Diet, Exercise and Sleep (with or without meds) for BPII discussion


#1

I was diagnosed Bi Polar II about 3 months ago. My pdoc prescribed seroquell. The first time I took it I woke up on the bathroom floor with little memory of how I got there. My wife couldn’t wake me or feel a pulse. It was very scary and it made me really think about all of the other components of my life that are out of balance. I decided that before taking medication again I would try balancing my health and sleep hygiene. I am not necessarily looking to forgo medications altogether, I just feel like It will be easier to find the right dose of the right drug if the rest of my body is functioning properly.

I am wondering if anyone else here has attempted this because I would like to compare notes.

The Good News:

Being conscious of only exercise and sleep It appears that my cycles become less severe but still present. They are generally much more manageable as long as sleep and activity levels are consistent.

I’ve been working out for 2 months, I’ve lost 6 lbs and put on a lot of muscle and I’ve mostly regulated my sleep. I get a full 7.5 to 8 hours almost every night and I get tired around 2230. I have struggled to regulate my sleep for at least 25 years and this is the best I can remember it being.

I have shared my situation with my employer and fortunately they are supportive. When I am in a very low mood I head to the gym even if it is the middle of the work day. I find that after a hard workout, shower, and something to spike my glucose levels I am able to be very productive. My mood picks up for at least a few hours allowing me to dig in to my work.

On the other side of the cycle, when I am hypomanic unfortunately the gym doesn’t help me come down but what it does do is help me sleep at night. Getting to sleep when I am manic does wonders for shortening the length and severity of the top end of the cycle.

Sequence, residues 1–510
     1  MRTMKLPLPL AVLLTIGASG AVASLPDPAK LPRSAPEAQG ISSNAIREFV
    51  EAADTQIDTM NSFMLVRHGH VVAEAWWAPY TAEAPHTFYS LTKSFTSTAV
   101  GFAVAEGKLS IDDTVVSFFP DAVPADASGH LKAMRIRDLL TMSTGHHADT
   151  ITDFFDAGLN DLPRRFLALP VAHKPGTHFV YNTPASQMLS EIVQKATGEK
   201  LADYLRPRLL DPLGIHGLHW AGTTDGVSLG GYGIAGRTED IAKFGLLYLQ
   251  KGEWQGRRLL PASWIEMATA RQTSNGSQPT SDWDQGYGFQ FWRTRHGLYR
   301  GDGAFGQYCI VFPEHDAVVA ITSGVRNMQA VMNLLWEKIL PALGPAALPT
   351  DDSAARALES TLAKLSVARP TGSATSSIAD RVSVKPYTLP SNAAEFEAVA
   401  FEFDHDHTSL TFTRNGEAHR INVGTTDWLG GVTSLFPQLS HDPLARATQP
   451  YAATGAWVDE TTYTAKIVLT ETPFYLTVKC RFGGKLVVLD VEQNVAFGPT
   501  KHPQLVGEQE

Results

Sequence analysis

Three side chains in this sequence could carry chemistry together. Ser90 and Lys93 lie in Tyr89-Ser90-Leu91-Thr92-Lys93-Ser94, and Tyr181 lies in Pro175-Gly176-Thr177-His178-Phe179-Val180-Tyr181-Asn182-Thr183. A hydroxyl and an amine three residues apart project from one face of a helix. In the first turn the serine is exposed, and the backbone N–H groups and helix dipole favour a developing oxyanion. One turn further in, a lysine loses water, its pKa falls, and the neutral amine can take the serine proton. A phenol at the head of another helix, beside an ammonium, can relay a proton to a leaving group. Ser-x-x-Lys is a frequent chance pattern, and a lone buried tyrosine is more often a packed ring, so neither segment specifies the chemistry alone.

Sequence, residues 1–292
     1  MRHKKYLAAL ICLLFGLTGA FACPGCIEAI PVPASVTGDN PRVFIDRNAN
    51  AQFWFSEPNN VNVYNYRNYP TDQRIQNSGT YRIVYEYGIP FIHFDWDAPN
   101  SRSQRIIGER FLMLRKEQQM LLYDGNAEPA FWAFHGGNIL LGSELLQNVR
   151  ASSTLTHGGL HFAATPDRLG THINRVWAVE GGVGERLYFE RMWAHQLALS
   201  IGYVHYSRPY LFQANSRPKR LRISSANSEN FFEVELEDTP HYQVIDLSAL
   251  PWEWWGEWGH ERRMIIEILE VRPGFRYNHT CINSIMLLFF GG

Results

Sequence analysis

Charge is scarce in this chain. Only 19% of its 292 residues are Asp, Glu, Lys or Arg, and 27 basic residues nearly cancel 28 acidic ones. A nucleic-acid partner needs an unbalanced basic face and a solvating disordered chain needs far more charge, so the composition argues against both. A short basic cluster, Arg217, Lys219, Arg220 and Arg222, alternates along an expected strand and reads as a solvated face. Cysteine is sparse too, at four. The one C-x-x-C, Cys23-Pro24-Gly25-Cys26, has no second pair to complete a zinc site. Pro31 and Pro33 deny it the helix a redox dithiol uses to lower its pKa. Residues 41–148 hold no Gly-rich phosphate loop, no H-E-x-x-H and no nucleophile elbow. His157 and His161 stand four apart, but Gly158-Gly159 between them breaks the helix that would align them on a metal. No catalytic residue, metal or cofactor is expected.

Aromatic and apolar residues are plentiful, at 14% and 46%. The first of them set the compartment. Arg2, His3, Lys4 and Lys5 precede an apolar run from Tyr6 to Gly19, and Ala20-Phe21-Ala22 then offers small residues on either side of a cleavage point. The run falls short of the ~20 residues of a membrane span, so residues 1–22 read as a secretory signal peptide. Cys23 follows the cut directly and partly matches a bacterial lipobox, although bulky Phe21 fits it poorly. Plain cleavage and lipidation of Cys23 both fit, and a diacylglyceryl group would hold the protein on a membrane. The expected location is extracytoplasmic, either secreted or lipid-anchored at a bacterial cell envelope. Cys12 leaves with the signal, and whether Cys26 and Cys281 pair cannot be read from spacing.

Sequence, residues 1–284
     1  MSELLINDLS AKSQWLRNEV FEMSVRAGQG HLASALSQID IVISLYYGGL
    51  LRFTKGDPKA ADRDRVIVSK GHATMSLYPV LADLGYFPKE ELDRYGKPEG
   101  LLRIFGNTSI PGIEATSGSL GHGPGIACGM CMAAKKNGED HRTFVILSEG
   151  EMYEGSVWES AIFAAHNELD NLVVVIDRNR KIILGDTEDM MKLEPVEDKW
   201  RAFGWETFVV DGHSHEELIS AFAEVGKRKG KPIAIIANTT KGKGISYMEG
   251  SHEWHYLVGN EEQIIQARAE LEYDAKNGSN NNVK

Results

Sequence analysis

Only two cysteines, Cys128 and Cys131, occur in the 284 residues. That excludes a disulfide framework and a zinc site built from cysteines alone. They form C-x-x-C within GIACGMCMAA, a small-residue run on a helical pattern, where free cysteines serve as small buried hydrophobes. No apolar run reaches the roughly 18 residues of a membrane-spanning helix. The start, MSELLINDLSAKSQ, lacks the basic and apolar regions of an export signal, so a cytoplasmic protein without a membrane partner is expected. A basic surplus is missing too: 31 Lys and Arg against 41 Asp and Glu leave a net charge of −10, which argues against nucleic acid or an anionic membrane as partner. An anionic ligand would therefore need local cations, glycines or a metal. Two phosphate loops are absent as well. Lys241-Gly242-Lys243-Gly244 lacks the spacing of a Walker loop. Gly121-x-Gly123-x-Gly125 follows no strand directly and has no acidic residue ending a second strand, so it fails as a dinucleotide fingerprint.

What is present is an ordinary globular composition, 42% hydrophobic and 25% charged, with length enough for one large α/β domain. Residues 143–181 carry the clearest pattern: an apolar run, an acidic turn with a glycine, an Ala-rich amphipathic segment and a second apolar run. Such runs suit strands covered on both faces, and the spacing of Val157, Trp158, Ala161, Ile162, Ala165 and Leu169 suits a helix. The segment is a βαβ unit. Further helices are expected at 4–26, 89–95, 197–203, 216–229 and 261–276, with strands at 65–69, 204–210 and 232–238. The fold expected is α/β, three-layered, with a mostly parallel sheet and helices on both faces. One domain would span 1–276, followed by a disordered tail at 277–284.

The Bad News

Any disruption in my sleep schedule seems to guarantee that I’ll have severe cycling for a couple of days. One example early in this evolution was when I had a get together and was up after 1am wrapping things up. My sleep schedule was wrecked for several days and I was experiencing rapid cycling at least two of those days. I normally do not get rapid cycling but it seems that while my routine has made my cycles much more mild and manageable, any deviation from that routine actually makes them worse.

I wish there was medication I could take only when I needed it. I’m currently investigating melatonin for sleep regulation.


#2

This is intriguing to me. I take Adderall for ADHD and I dislike how it affects my appetite, how its efficacy drops over time due to tolerance, and how I basically fall into severe depression and lethargy whenever I go without it for a couple of days.

I have read that cardiovascular exercise was a good alternative, but have not taken the due time to find a gym. I would love to be able to be productive or motivated without Adderall. It’s to the point where things I need to deal with in the day are outright inaccessible to me without it; I will procrastinate and put things off until the next day, every day. Replacing that with food (which I generally have to force myself to eat) and exercise (which could also help with weight gain) would be great, although I remain subjectively skeptical of its efficacy in lieu of stimulants. Still, your anecdote motivates me further to at least try it.


#3

If finding a gym is difficult, Before I hit the gym and before I had a diagnosis I started taking walks when I was in a fowl mood. I tried to find natural places to walk around wherever I was working. Based on some research I had heard about years ago, a public park or a nature trail is supposedly better than a city block for your mental health. This also helped pull me out of a rut for a short time. It wasn’t quite as effective as a mile on the treadmill and some heavy weights but it did help. Often this was enough to get through whatever problem I was working but not enough to get me through the day.

I wish you luck. I have a business partner/close friend with ADHD and his focus after adderall has been incredible but he hasn’t been on it long enough for us to witness its long term efficacy with him.

If you give this a try please post here about it.


#4

For me, when depressions really hit, my body feels like it shuts down and it takes a tremendous effort to even move enough to get up and go to the bathroom, let alone work out at a gym. Have you found any effective way to work up the energy needed to actually start the work out?